Top 5: tech trends in education


The integration of Artificial Intelligence technologies in education (AIEd) shows no signs of slowing down. A recent report by Pearson analysed how AIEd will transform education. Imagine the possibilities of each student having their own virtual learning assistant, or Bot powered by AI that can support a student throughout their studies, creating a personalised learning journey. Or, new assessment models that measure in real time as they happen and can adapt content accordingly.

We are starting to see an inkling of this with more intelligent App platforms for learning like Phonics Hero which have parent and teacher portals that track progress, in real-time helping teachers track the progress each student is making – whether they are at home, on an iPad, in the classroom, on the IWB, or sitting with a laptop.


With BYOD now standard in many Australian schools, providing students with high speed internet connectivity to the outside world through devices like tablets and PCs is becoming ‘education essential’. This has led to the wider use of virtual reality technologies, creating truly immersive learning experiences both inside and outside the classroom. Tools like Microsoft’s HoloLens, Google Expedition and Windows 10’s Mixed Reality Viewer are continuing to change the way subjects are taught as students and educators engage with content and externally based experts in new ways – blending the real and virtual worlds.


Using video collaboration and digital content sharing to deliver on demand or personalised learning, enabling access to experts not possible before, and provide richer learner experiences for remote based students. Imagine that the next step for students, teachers and schools would be to go from being “collaborative” amongst themselves to “hyper-collaborative” – bringing together knowledge, capabilities and ideas from different institutions, industries, eco systems and geographies.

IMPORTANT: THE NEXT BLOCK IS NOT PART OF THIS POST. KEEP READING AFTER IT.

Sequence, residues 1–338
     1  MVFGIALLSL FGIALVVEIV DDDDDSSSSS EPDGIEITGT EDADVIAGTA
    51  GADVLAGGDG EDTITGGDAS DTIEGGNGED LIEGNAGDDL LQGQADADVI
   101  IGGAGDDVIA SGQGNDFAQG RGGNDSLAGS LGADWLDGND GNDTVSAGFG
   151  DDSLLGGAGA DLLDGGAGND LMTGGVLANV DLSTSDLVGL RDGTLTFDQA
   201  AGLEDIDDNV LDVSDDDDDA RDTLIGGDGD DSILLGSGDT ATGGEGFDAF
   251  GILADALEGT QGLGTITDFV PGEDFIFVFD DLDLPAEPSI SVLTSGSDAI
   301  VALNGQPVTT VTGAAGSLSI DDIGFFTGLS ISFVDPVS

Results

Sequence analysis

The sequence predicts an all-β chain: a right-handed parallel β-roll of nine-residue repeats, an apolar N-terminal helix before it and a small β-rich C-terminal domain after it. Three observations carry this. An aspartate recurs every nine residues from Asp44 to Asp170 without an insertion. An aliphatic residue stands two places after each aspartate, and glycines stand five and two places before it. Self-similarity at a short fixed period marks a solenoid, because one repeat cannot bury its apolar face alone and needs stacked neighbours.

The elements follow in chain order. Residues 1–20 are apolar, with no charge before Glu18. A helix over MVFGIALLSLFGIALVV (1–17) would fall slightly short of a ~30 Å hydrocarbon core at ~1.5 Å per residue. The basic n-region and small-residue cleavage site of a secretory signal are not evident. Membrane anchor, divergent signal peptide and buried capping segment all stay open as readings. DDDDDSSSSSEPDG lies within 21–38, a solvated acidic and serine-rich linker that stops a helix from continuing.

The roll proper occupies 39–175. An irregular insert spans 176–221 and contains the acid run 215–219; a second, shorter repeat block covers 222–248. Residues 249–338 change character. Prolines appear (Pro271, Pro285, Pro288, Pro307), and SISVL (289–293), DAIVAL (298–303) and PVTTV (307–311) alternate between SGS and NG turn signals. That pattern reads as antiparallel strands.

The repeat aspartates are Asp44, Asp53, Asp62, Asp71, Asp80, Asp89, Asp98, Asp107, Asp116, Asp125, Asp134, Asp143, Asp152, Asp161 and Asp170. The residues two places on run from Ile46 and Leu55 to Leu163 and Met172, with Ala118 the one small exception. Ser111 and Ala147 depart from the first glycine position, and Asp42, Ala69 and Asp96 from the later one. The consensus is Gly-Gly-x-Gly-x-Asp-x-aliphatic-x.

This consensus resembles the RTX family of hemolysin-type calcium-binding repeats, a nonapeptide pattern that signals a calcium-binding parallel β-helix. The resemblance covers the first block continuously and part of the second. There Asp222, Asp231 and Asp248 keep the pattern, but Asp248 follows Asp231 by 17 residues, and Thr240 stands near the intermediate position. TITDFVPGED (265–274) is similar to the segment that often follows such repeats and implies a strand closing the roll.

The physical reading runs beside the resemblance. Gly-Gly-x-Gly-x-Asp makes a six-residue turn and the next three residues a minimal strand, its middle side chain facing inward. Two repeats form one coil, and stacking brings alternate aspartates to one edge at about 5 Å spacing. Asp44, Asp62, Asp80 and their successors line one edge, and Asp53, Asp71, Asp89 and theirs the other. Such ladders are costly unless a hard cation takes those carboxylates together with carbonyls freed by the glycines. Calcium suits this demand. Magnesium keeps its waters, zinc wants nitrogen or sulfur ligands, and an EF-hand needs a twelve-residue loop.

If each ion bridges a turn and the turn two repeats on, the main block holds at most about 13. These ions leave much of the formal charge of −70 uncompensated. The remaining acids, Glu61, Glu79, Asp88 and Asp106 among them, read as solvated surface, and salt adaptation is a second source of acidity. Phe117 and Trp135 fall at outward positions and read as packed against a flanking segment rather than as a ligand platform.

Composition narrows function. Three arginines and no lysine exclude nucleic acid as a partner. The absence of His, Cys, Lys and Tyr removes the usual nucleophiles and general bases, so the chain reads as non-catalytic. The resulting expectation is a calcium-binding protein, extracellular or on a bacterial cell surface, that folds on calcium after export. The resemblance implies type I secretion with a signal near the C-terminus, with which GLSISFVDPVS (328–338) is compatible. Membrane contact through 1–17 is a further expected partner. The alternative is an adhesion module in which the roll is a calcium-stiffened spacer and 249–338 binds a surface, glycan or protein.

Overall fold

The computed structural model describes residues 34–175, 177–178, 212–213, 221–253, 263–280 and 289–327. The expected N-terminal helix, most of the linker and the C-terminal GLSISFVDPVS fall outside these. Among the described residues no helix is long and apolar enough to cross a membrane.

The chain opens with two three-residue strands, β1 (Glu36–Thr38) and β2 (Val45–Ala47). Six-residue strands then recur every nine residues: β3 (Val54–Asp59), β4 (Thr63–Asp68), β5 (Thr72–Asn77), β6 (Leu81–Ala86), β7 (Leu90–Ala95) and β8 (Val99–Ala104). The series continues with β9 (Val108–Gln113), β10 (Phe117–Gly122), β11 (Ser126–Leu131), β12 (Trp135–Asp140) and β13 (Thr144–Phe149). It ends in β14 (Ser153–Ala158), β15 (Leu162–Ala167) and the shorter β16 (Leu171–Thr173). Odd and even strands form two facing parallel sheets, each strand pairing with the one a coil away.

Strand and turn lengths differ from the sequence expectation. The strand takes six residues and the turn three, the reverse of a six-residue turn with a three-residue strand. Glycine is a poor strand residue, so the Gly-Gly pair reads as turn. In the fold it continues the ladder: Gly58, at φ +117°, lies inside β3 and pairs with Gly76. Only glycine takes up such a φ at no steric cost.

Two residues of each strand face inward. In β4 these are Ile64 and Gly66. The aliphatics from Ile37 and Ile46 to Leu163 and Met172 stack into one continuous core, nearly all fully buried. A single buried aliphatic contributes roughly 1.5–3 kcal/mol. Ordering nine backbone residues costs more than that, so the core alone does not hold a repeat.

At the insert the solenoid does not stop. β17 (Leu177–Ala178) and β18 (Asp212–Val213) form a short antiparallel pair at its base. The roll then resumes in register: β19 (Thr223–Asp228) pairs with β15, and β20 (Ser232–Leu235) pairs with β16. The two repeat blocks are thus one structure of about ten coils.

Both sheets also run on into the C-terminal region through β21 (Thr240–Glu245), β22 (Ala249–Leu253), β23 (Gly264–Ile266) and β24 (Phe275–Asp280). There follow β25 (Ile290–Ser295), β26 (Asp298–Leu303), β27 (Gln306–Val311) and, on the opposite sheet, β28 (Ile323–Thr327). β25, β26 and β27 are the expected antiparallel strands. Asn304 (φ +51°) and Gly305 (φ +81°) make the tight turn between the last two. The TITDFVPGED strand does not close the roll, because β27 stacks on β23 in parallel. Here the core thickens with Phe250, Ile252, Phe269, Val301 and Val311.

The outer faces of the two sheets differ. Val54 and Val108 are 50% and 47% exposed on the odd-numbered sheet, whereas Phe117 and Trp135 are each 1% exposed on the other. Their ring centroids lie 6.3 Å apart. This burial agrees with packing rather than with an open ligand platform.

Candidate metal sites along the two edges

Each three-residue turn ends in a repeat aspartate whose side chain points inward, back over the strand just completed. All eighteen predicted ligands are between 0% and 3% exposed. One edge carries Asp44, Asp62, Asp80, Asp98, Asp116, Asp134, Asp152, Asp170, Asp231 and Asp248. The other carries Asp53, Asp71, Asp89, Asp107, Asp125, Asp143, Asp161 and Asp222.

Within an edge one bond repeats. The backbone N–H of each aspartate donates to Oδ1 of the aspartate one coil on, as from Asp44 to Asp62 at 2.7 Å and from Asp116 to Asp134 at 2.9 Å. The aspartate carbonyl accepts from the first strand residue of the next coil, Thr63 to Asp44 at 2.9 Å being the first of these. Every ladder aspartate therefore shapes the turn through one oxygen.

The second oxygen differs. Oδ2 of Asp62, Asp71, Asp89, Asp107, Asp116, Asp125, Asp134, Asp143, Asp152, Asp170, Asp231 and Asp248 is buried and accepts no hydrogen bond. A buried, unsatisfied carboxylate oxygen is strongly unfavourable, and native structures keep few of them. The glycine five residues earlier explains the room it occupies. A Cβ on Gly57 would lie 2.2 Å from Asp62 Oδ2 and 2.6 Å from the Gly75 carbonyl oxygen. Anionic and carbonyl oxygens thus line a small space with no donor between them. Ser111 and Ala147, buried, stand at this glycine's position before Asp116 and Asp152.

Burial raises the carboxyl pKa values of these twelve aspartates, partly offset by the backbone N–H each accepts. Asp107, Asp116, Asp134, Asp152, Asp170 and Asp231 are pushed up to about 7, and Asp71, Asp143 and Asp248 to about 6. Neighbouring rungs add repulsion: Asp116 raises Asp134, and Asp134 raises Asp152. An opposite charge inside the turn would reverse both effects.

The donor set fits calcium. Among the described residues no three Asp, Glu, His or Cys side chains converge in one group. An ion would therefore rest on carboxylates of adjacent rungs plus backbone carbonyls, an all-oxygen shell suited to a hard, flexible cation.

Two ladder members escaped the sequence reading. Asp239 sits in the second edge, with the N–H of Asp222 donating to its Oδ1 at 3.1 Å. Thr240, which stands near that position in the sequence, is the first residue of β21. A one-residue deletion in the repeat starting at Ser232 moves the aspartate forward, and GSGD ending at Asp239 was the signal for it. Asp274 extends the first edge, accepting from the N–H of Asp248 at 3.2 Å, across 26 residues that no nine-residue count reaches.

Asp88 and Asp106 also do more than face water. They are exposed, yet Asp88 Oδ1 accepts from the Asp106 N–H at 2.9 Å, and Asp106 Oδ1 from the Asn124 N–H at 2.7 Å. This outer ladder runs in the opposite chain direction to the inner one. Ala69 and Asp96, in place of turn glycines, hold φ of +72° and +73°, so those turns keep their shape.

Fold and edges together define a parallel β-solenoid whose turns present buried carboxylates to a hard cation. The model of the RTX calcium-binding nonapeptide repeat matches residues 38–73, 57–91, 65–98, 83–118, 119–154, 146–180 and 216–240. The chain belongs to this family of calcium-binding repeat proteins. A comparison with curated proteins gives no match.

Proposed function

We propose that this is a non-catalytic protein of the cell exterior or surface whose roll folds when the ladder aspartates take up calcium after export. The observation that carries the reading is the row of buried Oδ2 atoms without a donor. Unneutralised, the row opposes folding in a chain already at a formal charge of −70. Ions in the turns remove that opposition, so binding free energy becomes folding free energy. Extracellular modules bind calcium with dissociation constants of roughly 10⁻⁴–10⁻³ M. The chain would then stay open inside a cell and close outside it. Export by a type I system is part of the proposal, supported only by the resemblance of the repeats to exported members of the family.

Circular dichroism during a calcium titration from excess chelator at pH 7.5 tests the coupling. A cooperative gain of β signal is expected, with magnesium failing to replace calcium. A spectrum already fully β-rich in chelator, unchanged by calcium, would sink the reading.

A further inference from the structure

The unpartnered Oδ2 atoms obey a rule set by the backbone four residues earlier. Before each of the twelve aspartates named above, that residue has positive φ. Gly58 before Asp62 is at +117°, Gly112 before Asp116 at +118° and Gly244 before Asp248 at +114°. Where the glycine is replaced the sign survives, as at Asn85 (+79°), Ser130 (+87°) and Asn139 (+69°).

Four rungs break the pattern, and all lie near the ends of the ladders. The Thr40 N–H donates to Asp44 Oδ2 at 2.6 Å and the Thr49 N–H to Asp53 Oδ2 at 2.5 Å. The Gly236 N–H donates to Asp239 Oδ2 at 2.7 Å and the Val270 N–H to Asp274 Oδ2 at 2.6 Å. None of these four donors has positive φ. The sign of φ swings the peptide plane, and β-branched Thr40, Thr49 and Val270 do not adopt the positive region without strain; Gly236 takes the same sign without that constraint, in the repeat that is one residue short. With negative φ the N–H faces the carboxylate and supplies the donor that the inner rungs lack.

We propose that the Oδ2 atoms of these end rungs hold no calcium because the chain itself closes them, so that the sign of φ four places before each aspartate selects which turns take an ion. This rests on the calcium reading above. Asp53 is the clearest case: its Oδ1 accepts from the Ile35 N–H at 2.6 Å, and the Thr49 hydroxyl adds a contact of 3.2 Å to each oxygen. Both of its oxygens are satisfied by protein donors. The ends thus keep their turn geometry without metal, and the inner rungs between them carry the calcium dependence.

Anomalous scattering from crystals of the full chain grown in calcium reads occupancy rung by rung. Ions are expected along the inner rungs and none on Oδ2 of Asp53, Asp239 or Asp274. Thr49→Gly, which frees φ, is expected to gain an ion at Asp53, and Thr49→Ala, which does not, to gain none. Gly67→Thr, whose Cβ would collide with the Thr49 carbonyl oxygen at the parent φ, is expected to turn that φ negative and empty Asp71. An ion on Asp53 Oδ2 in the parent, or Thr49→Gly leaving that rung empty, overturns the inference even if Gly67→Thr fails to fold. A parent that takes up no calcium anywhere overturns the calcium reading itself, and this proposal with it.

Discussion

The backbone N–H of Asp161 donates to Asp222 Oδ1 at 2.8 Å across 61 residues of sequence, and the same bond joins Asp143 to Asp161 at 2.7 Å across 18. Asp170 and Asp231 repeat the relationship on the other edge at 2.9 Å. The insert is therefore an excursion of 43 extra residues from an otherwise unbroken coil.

A great example of this is happening right now in Australia, major corporates are backing a new educational ‘Women in STEM’ program, connecting female students with real-life mentors in the corporate world via an online platform that allows them to see what happens within the business world.

I anticipate that for 2018 and beyond, more educators will be willing to embrace the idea of ‘anywhere learning’ within the classroom. Enabling students to learn, the way they want, where they want and in a hyper-collaborative manner.


In the same way that we’ve seen AI technologies and machine led learning drive the Smart Home movement; we are seeing a similar move towards creating Smart Campuses. This involves harnessing ICT excellence in the areas of sourcing, management and accountability, catering to a diverse range of needs from learners to educators and campus administrative teams.

Market analysts IDC also suggests that central education organisations will also aim to leverage the benefits of cloud based technologies to drive cost savings, and operational efficiencies through increased cloud-related IT consolidation and shared services initiatives.


Coding continues to grow in popularity and the way it’s taught is fast evolving. We are also seeing a much-needed increase in private sector technology partners developing innovative educational content, provide guest expertise and transfer knowledge.

Microsoft continues to develop its Minecraft coding programs where students get to learn how to code in real time inside game. Many other companies are also investing in coding for kids, producing everything from STEM starter kits to accelerate design thinking and logic to professional e-modules for teachers to ensure they have the tools to teach coding within the classroom.

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